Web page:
Reprinted with permission from the April 2017 issue of the Parish Bulletin of International Catholic Stewardship Council.
Do you ever think about how you experience the cross of Jesus Christ? Do you ever think about the power of that cross in your daily life? Is the cross even relevant to your life? It is to stewards of the Lord, who recognize the hope Christ brings through the gift of his cross. They acknowledge that for them, the cross is their only hope.
Being good stewards of our life in Christ is not easy, but to embrace the cross is not only countercultural, it seems absurd. Then again, we cannot avoid what Jesus said to his disciples: “If you wish to come after me you must deny yourself and take up your cross daily and follow me. For if you wish to save your life, you will lose it; but if you lose your life for my sake you will save it” (Luke 9:23-24).
The cross is more readily embraced by people of faith who suffer, are poor, broken, or are the victims of such things as violence, oppression or natural disasters. They see the cross as the hope that no matter what has happened to them, God will see them through. The Father did it for Jesus who hung on the cross, so surely their sufferings will be redeemed by Jesus’ sufferings.
Good stewards follow Christ's example and work day-to-day to empty themselves and live compassionately; most noticeably by sharing their lives with others.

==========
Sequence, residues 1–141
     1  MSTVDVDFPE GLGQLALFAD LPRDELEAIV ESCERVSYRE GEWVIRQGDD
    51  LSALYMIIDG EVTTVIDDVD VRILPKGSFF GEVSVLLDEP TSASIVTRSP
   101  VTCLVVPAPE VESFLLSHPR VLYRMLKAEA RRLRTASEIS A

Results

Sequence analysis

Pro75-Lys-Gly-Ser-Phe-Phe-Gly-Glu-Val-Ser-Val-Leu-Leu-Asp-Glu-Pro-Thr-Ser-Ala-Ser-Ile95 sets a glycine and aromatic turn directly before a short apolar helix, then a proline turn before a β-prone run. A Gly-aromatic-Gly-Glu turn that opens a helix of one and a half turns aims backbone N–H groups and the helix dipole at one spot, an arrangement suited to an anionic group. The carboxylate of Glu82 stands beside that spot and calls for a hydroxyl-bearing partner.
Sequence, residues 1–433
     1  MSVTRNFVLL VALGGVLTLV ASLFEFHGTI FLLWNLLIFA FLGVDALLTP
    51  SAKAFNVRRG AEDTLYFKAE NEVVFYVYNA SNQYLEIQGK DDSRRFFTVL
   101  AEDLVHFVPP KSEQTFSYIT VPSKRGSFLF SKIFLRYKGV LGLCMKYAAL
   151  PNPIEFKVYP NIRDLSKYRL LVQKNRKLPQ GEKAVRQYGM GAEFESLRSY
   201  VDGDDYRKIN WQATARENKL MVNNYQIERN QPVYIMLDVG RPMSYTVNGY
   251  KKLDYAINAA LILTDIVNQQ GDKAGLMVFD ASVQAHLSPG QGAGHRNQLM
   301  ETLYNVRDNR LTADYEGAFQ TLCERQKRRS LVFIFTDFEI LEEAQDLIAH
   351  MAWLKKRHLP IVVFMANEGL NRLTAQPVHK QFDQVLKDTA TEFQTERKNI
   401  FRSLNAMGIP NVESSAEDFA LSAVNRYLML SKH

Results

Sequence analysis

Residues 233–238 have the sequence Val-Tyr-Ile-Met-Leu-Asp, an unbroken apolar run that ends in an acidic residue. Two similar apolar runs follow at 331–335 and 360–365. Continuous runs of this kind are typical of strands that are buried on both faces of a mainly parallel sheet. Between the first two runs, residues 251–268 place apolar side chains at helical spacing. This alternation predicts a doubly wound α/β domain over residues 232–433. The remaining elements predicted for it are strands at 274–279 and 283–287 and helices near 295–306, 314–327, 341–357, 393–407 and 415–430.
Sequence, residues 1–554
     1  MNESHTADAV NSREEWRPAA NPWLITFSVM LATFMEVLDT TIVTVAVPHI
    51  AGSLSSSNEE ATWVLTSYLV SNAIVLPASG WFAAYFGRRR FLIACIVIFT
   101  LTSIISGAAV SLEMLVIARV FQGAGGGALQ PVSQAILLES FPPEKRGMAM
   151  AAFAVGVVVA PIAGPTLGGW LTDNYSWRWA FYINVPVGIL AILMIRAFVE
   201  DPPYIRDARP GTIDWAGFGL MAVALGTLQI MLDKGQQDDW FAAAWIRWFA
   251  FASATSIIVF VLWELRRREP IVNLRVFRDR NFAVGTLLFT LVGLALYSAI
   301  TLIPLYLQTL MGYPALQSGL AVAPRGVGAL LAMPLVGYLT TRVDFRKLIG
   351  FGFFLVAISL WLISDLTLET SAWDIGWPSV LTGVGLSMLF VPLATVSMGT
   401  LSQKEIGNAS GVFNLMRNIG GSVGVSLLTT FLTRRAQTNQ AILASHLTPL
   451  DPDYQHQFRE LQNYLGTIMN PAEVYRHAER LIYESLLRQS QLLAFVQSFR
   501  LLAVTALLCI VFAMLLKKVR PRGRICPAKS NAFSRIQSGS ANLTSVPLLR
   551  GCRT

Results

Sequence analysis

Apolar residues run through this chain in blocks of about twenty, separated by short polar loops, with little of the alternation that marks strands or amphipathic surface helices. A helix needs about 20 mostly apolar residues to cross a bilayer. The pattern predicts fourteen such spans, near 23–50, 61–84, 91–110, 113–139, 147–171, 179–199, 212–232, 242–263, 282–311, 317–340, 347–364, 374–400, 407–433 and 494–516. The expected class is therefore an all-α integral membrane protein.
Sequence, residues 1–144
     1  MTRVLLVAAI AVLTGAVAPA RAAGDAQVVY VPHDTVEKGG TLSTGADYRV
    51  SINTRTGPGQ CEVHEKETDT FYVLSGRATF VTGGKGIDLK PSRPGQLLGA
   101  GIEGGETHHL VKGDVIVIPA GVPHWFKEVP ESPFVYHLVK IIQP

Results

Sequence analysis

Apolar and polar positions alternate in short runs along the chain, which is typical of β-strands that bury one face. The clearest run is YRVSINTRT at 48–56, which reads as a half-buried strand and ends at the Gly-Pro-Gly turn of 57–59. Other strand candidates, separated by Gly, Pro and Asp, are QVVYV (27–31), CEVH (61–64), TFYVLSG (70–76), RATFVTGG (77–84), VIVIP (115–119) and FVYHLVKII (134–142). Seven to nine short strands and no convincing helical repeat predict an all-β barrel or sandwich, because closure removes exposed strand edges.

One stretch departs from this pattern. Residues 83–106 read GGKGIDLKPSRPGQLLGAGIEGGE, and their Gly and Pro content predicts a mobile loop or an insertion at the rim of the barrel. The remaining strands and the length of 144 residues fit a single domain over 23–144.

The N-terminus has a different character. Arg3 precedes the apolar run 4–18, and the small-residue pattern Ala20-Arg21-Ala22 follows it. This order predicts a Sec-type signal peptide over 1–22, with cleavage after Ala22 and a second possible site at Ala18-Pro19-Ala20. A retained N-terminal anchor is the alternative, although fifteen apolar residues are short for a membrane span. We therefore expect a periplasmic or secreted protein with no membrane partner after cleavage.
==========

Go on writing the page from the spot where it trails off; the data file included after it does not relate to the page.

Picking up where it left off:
Where people possess much material abundance, comfort and leisure, however, there is a tendency to de-emphasize the cross, to draw away from it. They can’t touch it or feel it so they wish to “save” their lives by looking to other things: power, wealth, fame, relevance, being the center of attention. What is preached about the cross from the pulpit sounds good, but in reality something more tangible is desired.
Christ emptied himself completely in humble obedience, allowing himself to suffer and die out of compassion for the world (Philippians 2:6-11). Good stewards follow his example and work day-to-day to empty themselves and live compassionately; most noticeably by sharing their lives with others.
As we approach the climax of our liturgical year, the Easter triduum, let us ask the Holy Spirit for an even deeper awareness of the cross in our lives. Let us find hope in the cross and pray that as we embrace it, we too will experience in a special way the joy of new life in the risen Lord.
Christ Our Savior,
As our Lenten journey brings us closer to Easter,
we see with a deeper awareness
our world’s desperate need to experience
the healing power of your justice and peace.
Make us sacraments of your mercy
and instruments of your compassion.
Show us how to be better stewards of your people;
through our families,
our brothers and sisters with whom we share your Eucharist,
our neighbors, and the stranger.
Show us how to carry the cross so that by dying to ourselves,
we may give new life to others.
And strengthen our faith, so that we may proclaim
your Easter triumph more confidently, every day, in word and deed.